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7 Japanese financial institutions had transactions with nuclear weapons firms: ICAN

Akira Kawasaki, a member of the International Steering Group of ICAN, speaks about the significance of the Treaty on the Prohibition of Nuclear Weapons in Naka Ward, Hiroshima, on Aug. 6, 2018, which marked the 73rd anniversary of the atomic bombing of the city. (Mainichi)

Seven Japanese financial institutions extended loans and investments totaling some 1.9 trillion yen to companies involved in the production of nuclear weapons over a four-year period up to 2017, a probe conducted by the International Campaign to Abolish Nuclear Weapons (ICAN) shows.

The finding has prompted ICAN, which won the Nobel Peace Prize in 2017, to urge the seven financial institutions to stop their transactions with these companies, and two of them told the Mainichi Shimbun that they have already discontinued their dealings with the firms.

At the same time, however, an official at one of the other financial institutions pointed out that it is impossible to completely avoid such loans and investments.

The Netherlands-based PAX, which is a member of ICAN, conducted the probe. Specifically, PAX examined how 20 companies, which the organization has concluded were involved in the maintenance and modernization of nuclear armament to a certain extent, raised funds. The 20 include U.S.-based Aecom.

PAX then concluded that 329 financial institutions in 24 countries extended some 55 trillion yen in loans and investments to these 20 companies between January 2014 and October 2017. These financial institutions include the seven Japanese firms.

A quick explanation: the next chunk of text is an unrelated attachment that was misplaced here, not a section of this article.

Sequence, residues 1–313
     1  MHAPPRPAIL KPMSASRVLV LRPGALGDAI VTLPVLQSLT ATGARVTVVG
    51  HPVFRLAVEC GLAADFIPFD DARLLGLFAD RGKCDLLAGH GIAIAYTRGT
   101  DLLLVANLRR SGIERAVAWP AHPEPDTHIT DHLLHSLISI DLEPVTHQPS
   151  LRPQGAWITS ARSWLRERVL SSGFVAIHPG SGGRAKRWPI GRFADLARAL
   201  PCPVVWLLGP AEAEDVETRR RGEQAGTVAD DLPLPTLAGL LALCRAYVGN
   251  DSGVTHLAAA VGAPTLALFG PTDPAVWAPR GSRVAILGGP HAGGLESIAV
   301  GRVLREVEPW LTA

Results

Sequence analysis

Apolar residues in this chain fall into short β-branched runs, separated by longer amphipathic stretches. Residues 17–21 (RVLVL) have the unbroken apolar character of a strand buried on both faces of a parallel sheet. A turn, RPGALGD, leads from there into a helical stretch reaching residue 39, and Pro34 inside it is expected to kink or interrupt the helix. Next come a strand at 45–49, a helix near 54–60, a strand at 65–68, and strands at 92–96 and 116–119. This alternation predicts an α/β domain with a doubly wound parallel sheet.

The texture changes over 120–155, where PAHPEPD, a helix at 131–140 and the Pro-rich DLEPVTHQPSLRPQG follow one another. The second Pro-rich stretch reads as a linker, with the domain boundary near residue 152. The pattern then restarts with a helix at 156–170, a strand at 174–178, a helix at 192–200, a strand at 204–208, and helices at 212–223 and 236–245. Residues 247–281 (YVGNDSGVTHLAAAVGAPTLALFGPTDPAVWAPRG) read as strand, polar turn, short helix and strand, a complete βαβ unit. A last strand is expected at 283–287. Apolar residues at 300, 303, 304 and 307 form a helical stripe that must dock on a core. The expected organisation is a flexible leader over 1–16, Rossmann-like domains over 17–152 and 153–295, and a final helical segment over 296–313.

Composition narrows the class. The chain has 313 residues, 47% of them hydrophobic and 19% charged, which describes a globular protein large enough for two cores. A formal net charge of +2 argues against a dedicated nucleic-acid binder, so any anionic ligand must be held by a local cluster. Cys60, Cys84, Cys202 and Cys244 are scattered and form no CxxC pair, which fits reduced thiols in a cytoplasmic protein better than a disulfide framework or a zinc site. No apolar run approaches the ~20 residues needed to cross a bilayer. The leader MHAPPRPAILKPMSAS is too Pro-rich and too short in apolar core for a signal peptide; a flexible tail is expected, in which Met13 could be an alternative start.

When contacted by the Mainichi Shimbun, two of the seven Japanese financial institutions answered that they no longer have transactions with these 20 businesses, while the five others declined to comment on any individual transaction.

These seven institutions claim they have internal regulations stipulating that their business practices must not be contrary to morality or that they must avoid extending loans for the production of weapons.

However, Akira Kawasaki, a member of the International Steering Group of ICAN, pointed out that no financial institutions in Japan have guidelines explicitly banning themselves from providing funds to companies producing nuclear arms.

An official of one of the seven institutions admitted that it is difficult to make a clear definition of companies producing nuclear weapons.

The 20 companies include aerospace giants such as U.S.-based Boeing Co. and European Airbus SE. However, the official finds it difficult for the institution to immediately stop extending loans and investments to these companies because these businesses manufacture not only military aircraft but also civilian planes.

Noting that the promotion of the nuclear weapons industry is part of national policy for nuclear powers aimed at increasing their nuclear deterrence, the official said that extending loans to such businesses is just like loaning to the governments of these countries.

(Japanese original by Asako Takeuchi, Tokyo City News Department)

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